Akasa Venom R10

Custom PC - - CONTENTS -

SUPPLIER www.over­clock­ers.co.uk

Arel­a­tive new­comer to the allin-one liq­uid cooler scene, Akasa has opted for an un­usual approach to the Venom R10 – it doesn’t come equipped with a fan, re­sult­ing in a rel­a­tively low price of just

£55 inc VAT. That price is es­pe­cially low when you con­sider that the Akasa has RGB light­ing and full mount­ing mech­a­nisms for all three of our test sys­tems, while some cool­ers this month have opted to use the stan­dard AMD

AM4 plas­tic mount.

Sadly, there aren’t enough screws in the box to mount two fans to the R10, but these screws are avail­able for a cou­ple of quid should you wish to push the R10’s cool­ing to its lim­its. With no fan in the box, the world is your oys­ter, but Over­clock­ers UK cur­rently of­fers the Venom R10 in sev­eral fan bun­dles, and Akasa sent us its Ve­gas X7 RGB 120mm fan for re­view, mak­ing for a com­bined to­tal of

£74 inc VAT. Once you hook up the fan and pump to an RGB light­ing con­troller, in this case our Asus motherboard and its Aura soft­ware, the Akasa’s aes­thet­ics wipe the floor with likes of the ARC­TIC Liq­uid Freezer, and with ac­cu­rate colours too.

In­stal­la­tion was fairly pain­less on all three of our CPU sock­ets, with a back­plate be­ing used to mount four pins on LGA115x and AMD sys­tems, while you just need to screw these pins into the threaded holes of In­tel

LGA2011 sock­ets. These screws are topped off by thumb screws that lock the pump into place, us­ing sep­a­rate plates for AMD and In­tel sys­tems.

The ra­di­a­tor is a typ­i­cal half-height af­fair at

27mm thick, and it has densely packed fins. Like all the other pumps on test, the Venom

R10’s sports a cop­per base, while Akasa has opted for a rub­ber-based tube.

Mean­while, the RGB light­ing on the pump and on Akasa’s Ve­gas X7 fan are com­pat­i­ble with Asus, ASRock, Gi­ga­byte and MSI’s RGB light­ing soft­ware.

The Ve­gas X7 RGB fan is lim­ited to a speed of 1,200rpm, though, which puts it at some­thing of a dis­ad­van­tage com­pared with other fans on test, es­pe­cially with the tightly packed ra­di­a­tor fins. Cor­sair’s Hy­dro Se­ries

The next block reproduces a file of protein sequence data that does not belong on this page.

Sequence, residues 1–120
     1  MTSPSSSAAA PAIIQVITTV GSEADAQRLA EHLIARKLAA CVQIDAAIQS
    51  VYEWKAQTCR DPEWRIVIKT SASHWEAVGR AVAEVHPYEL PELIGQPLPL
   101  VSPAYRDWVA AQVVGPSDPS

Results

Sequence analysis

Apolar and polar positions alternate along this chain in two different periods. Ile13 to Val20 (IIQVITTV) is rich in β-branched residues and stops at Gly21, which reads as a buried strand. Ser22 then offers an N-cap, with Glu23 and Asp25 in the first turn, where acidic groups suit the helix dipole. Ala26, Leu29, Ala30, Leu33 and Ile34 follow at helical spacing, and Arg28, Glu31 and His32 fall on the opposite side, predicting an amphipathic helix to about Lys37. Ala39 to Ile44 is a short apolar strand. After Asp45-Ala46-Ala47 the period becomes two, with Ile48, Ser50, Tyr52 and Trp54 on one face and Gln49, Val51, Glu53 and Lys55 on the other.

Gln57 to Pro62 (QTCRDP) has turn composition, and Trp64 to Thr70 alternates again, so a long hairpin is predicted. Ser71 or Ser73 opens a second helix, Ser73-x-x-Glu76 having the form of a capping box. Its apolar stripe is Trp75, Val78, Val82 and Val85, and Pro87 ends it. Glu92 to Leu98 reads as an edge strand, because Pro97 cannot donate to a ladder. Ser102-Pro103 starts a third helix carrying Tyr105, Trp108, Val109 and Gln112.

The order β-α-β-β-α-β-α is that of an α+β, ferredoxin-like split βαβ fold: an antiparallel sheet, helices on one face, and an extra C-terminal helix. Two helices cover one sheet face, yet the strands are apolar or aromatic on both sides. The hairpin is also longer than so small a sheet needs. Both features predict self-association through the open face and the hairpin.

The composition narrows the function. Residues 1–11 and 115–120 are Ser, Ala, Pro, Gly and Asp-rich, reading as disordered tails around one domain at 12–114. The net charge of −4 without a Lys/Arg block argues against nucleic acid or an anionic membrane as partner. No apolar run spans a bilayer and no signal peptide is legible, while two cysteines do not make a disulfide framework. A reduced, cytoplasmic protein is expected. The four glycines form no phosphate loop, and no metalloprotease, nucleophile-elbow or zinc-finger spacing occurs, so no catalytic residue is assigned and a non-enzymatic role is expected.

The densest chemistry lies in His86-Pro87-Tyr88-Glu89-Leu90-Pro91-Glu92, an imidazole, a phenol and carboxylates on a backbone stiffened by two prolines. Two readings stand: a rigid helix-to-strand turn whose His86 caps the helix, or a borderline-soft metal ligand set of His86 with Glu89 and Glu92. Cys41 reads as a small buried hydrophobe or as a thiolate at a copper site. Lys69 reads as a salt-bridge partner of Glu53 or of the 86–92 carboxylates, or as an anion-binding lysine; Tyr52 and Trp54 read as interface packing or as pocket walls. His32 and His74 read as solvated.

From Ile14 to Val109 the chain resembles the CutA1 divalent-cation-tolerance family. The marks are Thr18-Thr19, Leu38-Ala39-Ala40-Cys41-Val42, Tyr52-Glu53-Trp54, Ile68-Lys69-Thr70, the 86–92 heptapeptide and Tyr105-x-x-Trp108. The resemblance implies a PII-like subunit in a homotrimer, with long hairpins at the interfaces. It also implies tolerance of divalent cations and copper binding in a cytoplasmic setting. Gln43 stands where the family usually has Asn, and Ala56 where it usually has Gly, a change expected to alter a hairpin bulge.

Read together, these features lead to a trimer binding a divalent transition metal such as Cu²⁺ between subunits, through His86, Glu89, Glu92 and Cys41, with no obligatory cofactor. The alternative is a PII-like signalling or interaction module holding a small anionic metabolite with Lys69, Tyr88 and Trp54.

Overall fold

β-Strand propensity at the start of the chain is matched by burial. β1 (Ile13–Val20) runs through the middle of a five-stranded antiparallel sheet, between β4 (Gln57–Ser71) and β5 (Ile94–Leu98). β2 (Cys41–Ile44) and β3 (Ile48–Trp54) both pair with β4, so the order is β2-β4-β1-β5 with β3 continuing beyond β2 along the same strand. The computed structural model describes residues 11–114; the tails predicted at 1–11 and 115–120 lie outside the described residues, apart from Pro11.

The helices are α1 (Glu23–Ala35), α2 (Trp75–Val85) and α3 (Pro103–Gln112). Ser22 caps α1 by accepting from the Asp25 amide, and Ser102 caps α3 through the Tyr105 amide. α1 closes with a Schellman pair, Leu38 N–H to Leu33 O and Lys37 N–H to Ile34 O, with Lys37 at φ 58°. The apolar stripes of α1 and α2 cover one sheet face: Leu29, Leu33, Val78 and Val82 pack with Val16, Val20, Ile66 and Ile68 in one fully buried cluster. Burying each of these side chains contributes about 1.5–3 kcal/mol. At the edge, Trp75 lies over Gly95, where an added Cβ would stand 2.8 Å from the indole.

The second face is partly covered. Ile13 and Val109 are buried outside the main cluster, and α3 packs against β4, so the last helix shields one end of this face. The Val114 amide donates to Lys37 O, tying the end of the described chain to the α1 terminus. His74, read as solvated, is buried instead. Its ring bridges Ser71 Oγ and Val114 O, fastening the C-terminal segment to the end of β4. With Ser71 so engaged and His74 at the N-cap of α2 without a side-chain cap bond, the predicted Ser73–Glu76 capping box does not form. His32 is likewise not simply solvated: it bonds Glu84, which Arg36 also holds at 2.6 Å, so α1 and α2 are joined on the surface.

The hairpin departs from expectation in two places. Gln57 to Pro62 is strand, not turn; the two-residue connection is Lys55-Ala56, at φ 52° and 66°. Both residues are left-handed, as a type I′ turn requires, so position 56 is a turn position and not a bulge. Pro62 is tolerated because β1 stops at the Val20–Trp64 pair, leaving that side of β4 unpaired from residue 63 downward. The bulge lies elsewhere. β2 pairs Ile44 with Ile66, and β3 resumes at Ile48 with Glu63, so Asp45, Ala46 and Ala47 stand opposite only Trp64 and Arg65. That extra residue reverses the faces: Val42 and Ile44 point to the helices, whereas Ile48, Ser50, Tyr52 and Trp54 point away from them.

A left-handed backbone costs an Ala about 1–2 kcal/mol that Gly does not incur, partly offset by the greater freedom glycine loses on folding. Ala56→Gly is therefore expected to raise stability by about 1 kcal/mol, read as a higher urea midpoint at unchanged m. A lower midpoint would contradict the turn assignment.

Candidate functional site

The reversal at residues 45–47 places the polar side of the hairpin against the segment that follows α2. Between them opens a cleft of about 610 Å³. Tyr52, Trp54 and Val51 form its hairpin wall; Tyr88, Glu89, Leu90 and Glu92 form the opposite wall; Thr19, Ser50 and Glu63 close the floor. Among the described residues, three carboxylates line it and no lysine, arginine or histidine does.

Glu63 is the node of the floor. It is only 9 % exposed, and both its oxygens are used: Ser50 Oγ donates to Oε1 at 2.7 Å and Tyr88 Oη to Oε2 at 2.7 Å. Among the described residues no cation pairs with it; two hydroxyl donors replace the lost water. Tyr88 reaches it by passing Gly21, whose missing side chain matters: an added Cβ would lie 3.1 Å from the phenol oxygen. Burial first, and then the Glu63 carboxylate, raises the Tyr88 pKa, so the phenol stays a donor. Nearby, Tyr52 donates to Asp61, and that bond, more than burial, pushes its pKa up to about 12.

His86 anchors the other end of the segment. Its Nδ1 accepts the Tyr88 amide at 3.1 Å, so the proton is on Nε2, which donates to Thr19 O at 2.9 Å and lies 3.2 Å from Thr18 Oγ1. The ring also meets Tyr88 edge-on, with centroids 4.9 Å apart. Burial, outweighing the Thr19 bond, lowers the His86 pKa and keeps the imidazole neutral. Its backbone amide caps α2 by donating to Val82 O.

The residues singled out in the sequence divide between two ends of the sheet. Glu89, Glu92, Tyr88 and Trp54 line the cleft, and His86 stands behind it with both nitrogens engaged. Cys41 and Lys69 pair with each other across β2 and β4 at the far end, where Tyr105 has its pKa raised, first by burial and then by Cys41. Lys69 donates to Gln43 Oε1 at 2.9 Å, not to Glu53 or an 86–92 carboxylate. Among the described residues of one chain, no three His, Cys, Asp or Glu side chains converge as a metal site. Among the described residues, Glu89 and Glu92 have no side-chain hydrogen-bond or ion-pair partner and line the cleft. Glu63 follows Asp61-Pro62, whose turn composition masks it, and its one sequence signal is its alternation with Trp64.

H60, for ex­am­ple, can run at an ex­tra

500rpm. What the Venom R10 lacks in air­flow, though, it coun­ters with quiet­ness. It was supremely quiet at full speed, dish­ing out just 39dBA, which is less than NZXT’s Kraken

M22 us­ing our motherboard’s silent set­ting, and far qui­eter than any other cooler on test. The pump is sim­i­larly quiet too.

Cool­ing, though, was ham­pered by the fan, with the LGA115x CPU delta T of 60°C be­ing a whole 11°C off the top spot, with sim­i­lar losses in the other test sys­tems.

These re­sults are mostly down to the fan speed, as us­ing Akasa’s slightly faster Apache Black fan re­sulted in a 5°C drop in our AMD sys­tem, cut­ting its deficit in half just by adding another 100rpm.

Con­clu­sion

While its cool­ing isn’t the best on test, the Venom R10’s re­sults are clearly down to the slow-spin­ning fans we were sent as sam­ples to test the oth­er­wise fan­less cooler. It came within spit­ting dis­tance of other cool­ers by adding a slightly more pow­er­ful fan, and it’s supremely quiet. How­ever, many other cool­ers un­der­cut it, even in its fan­less con­fig­u­ra­tion, so it doesn’t of­fer par­tic­u­larly good value for money.

What the Venom R10 lacks in air­flow, though, it coun­ters with quiet­ness

VER­DICT

Ex­tremely quiet, but the R10 needs at least a 1,300rpm fan to be competitive, and it’s a tad pricey once you buy a fan for it too.

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